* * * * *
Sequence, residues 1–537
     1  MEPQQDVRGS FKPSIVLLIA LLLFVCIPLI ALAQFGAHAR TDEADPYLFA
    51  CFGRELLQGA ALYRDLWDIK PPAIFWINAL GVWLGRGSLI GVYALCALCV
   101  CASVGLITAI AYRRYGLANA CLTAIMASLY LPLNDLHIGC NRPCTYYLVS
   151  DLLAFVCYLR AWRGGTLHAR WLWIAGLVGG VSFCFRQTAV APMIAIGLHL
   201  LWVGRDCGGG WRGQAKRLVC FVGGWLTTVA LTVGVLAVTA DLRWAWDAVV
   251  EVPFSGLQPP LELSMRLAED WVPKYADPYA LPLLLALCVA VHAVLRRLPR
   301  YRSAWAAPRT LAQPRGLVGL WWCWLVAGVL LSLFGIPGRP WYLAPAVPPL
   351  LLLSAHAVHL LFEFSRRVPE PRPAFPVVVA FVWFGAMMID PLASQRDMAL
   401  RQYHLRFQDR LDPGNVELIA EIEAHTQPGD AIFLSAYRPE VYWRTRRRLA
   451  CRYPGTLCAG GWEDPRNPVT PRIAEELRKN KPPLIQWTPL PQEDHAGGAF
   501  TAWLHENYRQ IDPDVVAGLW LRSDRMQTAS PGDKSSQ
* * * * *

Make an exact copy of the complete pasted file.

Sequence, residues 1–537
     1  MEPQQDVRGS FKPSIVLLIA LLLFVCIPLI ALAQFGAHAR TDEADPYLFA
    51  CFGRELLQGA ALYRDLWDIK PPAIFWINAL GVWLGRGSLI GVYALCALCV
   101  CASVGLITAI AYRRYGLANA CLTAIMASLY LPLNDLHIGC NRPCTYYLVS
   151  DLLAFVCYLR AWRGGTLHAR WLWIAGLVGG VSFCFRQTAV APMIAIGLHL
   201  LWVGRDCGGG WRGQAKRLVC FVGGWLTTVA LTVGVLAVTA DLRWAWDAVV
   251  EVPFSGLQPP LELSMRLAED WVPKYADPYA LPLLLALCVA VHAVLRRLPR
   301  YRSAWAAPRT LAQPRGLVGL WWCWLVAGVL LSLFGIPGRP WYLAPAVPPL
   351  LLLSAHAVHL LFEFSRRVPE PRPAFPVVVA FVWFGAMMID PLASQRDMAL
   401  RQYHLRFQDR LDPGNVELIA EIEAHTQPGD AIFLSAYRPE VYWRTRRRLA
   451  CRYPGTLCAG GWEDPRNPVT PRIAEELRKN KPPLIQWTPL PQEDHAGGAF
   501  TAWLHENYRQ IDPDVVAGLW LRSDRMQTAS PGDKSSQ